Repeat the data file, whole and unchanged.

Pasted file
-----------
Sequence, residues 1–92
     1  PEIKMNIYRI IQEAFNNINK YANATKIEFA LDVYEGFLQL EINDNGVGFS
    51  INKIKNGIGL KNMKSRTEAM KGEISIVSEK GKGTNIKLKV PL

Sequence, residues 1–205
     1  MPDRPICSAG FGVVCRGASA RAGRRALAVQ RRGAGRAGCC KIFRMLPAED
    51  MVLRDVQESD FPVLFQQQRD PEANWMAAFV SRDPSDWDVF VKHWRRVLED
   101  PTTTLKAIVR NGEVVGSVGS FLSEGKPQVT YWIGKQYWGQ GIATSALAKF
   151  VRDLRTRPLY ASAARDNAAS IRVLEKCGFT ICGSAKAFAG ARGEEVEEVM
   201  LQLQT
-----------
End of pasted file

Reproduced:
Sequence, residues 1–92
     1  PEIKMNIYRI IQEAFNNINK YANATKIEFA LDVYEGFLQL EINDNGVGFS
    51  INKIKNGIGL KNMKSRTEAM KGEISIVSEK GKGTNIKLKV PL

Sequence, residues 1–205
     1  MPDRPICSAG FGVVCRGASA RAGRRALAVQ RRGAGRAGCC KIFRMLPAED
    51  MVLRDVQESD FPVLFQQQRD PEANWMAAFV SRDPSDWDVF VKHWRRVLED
   101  PTTTLKAIVR NGEVVGSVGS FLSEGKPQVT YWIGKQYWGQ GIATSALAKF
   151  VRDLRTRPLY ASAARDNAAS IRVLEKCGFT ICGSAKAFAG ARGEEVEEVM
   201  LQLQT